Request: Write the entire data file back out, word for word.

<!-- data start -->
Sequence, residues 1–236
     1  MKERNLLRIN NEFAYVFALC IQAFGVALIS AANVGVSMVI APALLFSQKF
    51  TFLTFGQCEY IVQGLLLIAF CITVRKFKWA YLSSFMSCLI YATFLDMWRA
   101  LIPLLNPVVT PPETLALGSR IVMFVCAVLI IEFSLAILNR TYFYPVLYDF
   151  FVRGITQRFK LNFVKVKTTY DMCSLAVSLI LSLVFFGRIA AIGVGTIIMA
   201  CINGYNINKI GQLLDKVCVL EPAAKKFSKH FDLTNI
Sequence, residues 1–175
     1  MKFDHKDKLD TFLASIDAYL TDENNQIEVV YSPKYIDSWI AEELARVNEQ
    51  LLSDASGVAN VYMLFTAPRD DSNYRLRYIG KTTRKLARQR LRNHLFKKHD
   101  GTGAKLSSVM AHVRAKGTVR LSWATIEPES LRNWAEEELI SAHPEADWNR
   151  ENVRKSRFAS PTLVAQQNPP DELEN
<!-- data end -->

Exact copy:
Sequence, residues 1–236
     1  MKERNLLRIN NEFAYVFALC IQAFGVALIS AANVGVSMVI APALLFSQKF
    51  TFLTFGQCEY IVQGLLLIAF CITVRKFKWA YLSSFMSCLI YATFLDMWRA
   101  LIPLLNPVVT PPETLALGSR IVMFVCAVLI IEFSLAILNR TYFYPVLYDF
   151  FVRGITQRFK LNFVKVKTTY DMCSLAVSLI LSLVFFGRIA AIGVGTIIMA
   201  CINGYNINKI GQLLDKVCVL EPAAKKFSKH FDLTNI
Sequence, residues 1–175
     1  MKFDHKDKLD TFLASIDAYL TDENNQIEVV YSPKYIDSWI AEELARVNEQ
    51  LLSDASGVAN VYMLFTAPRD DSNYRLRYIG KTTRKLARQR LRNHLFKKHD
   101  GTGAKLSSVM AHVRAKGTVR LSWATIEPES LRNWAEEELI SAHPEADWNR
   151  ENVRKSRFAS PTLVAQQNPP DELEN